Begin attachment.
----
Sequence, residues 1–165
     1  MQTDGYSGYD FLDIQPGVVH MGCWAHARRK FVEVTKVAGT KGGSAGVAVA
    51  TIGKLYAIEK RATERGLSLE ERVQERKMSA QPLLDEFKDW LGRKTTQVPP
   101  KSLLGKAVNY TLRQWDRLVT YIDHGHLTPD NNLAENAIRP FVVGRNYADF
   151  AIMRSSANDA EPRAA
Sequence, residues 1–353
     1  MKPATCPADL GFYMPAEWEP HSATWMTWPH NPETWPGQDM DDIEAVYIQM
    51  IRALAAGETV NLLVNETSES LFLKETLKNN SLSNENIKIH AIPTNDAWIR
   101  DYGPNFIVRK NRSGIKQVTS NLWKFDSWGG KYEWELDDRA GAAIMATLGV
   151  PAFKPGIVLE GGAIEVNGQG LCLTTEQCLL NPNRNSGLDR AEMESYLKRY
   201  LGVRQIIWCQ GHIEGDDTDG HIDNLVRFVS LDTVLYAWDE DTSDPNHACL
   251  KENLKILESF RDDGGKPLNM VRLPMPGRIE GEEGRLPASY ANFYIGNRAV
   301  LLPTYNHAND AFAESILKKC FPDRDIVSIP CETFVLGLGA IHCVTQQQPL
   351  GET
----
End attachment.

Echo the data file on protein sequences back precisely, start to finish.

Sequence, residues 1–165
     1  MQTDGYSGYD FLDIQPGVVH MGCWAHARRK FVEVTKVAGT KGGSAGVAVA
    51  TIGKLYAIEK RATERGLSLE ERVQERKMSA QPLLDEFKDW LGRKTTQVPP
   101  KSLLGKAVNY TLRQWDRLVT YIDHGHLTPD NNLAENAIRP FVVGRNYADF
   151  AIMRSSANDA EPRAA
Sequence, residues 1–353
     1  MKPATCPADL GFYMPAEWEP HSATWMTWPH NPETWPGQDM DDIEAVYIQM
    51  IRALAAGETV NLLVNETSES LFLKETLKNN SLSNENIKIH AIPTNDAWIR
   101  DYGPNFIVRK NRSGIKQVTS NLWKFDSWGG KYEWELDDRA GAAIMATLGV
   151  PAFKPGIVLE GGAIEVNGQG LCLTTEQCLL NPNRNSGLDR AEMESYLKRY
   201  LGVRQIIWCQ GHIEGDDTDG HIDNLVRFVS LDTVLYAWDE DTSDPNHACL
   251  KENLKILESF RDDGGKPLNM VRLPMPGRIE GEEGRLPASY ANFYIGNRAV
   301  LLPTYNHAND AFAESILKKC FPDRDIVSIP CETFVLGLGA IHCVTQQQPL
   351  GET